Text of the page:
The other challenge has been on the client side. We don’t upgrade buildings just for the sake of upgrading—we want to demonstrate to our clients the real impact that our work has on their business. We focus on driving financial outcomes.
Your activity includes markets outside of the U.S. What differences did you notice from one region to another?
Dockser: Though our clients tend to be similar across different geographies, one difference I have noticed is on the government side. In the U.S., governments use incentives to encourage energy efficiency, whereas Asia and Europe tend to have more stringent, mandated standards. And domestically, as the federal government has stepped back, many state and local governments have stepped up to fill the void when it comes to increasing energy efficiency, renewable energy standards and benchmarking.
Tell us more about what inspired you to found your company in 2011, when the real estate market was still in the early stages of recovery.
Dockser: In the early days of the real estate recovery, while revenue was still relatively weak, the main way to impact cash flow was through reducing expenses to increase asset value. We chose to focus on energy. Today, the lack of knowledge around energy issues remains—issues that include reducing consumption, thinking strategically about energy and tech in the built environment, and ways to create better spaces that are sensitive to occupants’ well-being. Because the demand for real estate and associated revenue were down during the early stages of recovery, the focus became about existing real estate assets and how to reduce operating costs to add value.
What do you recommend to owners and managers who are looking to build an energy strategy?
Dockser: Energy efficiency and sustainability are related, but also very different. Energy efficiency is explicitly about reducing financial costs to drive the value of assets. In contrast, sustainability is about holistically impacting the value of the organization.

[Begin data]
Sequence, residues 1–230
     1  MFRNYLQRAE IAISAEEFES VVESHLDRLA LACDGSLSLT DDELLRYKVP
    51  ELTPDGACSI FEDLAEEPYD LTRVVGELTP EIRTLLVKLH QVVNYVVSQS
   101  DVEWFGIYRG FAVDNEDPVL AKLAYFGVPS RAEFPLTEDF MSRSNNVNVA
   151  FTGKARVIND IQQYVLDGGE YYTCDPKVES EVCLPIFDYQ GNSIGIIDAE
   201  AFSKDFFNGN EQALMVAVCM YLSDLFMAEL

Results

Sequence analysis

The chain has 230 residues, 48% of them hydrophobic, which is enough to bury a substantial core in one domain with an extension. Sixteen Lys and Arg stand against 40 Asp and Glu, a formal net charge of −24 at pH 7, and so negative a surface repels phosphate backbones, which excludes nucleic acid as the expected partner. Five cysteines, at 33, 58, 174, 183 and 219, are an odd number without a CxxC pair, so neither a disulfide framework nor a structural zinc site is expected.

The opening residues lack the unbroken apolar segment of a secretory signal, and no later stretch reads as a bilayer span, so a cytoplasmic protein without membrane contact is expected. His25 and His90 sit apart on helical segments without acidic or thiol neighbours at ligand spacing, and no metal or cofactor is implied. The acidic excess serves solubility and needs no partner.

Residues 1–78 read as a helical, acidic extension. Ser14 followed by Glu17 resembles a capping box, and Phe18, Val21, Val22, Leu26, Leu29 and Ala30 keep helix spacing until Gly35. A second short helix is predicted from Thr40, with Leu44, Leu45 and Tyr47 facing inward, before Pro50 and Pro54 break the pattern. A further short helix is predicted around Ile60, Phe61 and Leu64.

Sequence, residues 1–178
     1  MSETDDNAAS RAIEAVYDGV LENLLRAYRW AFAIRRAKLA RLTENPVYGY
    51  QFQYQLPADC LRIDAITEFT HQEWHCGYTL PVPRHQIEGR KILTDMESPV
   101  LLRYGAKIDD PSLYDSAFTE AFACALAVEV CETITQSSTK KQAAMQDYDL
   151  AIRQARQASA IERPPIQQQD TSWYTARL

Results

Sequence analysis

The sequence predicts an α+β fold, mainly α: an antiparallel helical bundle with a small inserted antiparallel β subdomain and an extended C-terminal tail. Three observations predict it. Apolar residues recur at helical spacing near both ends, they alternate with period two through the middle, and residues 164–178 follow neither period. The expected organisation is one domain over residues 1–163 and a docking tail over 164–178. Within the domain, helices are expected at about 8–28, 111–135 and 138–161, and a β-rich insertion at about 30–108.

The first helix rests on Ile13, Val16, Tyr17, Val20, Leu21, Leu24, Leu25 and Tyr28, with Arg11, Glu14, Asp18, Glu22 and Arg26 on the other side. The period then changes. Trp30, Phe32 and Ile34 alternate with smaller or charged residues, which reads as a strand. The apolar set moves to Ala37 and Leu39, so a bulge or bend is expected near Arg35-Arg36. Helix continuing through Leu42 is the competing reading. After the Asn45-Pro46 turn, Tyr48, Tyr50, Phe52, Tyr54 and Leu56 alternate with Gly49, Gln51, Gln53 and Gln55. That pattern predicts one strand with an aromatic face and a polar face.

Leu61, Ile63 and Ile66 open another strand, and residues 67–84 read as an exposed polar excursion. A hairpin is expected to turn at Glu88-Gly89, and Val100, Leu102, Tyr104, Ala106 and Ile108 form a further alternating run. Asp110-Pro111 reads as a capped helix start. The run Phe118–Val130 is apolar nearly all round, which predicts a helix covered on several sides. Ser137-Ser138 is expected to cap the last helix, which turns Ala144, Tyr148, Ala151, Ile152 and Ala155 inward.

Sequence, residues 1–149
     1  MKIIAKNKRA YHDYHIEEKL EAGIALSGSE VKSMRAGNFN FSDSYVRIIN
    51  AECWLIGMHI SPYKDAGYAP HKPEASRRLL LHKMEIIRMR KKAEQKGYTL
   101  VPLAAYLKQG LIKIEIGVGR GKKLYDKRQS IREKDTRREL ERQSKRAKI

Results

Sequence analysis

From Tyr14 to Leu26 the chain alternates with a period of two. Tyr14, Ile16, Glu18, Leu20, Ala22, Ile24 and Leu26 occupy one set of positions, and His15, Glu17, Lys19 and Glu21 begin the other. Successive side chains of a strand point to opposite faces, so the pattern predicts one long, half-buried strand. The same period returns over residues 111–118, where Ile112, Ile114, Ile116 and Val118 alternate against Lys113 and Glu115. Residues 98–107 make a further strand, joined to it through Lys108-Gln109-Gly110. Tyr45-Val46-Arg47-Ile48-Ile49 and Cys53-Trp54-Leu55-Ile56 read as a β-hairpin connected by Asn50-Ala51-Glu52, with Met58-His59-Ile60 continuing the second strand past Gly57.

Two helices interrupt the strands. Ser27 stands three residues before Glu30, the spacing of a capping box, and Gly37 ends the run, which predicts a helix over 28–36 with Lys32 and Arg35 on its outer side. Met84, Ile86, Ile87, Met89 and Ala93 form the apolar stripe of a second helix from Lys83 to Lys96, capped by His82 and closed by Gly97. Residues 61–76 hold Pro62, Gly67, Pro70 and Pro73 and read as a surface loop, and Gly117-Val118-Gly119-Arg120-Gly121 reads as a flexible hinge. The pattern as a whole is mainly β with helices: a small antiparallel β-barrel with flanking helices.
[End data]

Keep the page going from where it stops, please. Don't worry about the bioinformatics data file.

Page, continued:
For those seeking to build a sustainability strategy, it’s really about creating and executing a strategy around what their company stands for, which then trickles down to decisions related to waste, employee engagement, materials used, supply chain choices, transportation methods—even the type of paper to buy. Sustainability is much more all-encompassing than energy efficiency on a macro level.
Energy efficiency is focused on explicit ROI and sustainability includes softer ROIs that can be more difficult to quantify. We’ve seen many of our clients spend money for the main purpose of driving energy efficiency, but they end up also getting sustainability for free in the process.
What tips do you have for those who are just starting to “Operate in the Green”?
Dockser: Decide on the outcomes you’re striving for, look for cost-effective ways to achieve these outcomes, determine if you’re focused on energy efficiency or more big-picture sustainability and evaluate how you see your energy strategy impacting your business. The idea of ‘Operating in the Green’ is a double bottom line concept—cutting costs and increasing values while reducing the impact on the environment.
What are your thoughts on the future of sustainability and energy efficiency?
Dockser: We’re going to continue seeing increased efforts in energy efficiency and sustainability as more people come to realize the value returns that both provide for driving value in assets and to the community broadly. People are becoming more sensitive to water quality, air quality etc. This is not an issue that’s going away. More and more people now feel they owe it to future generations to do the right thing and we help them do it in a way that also creates current value.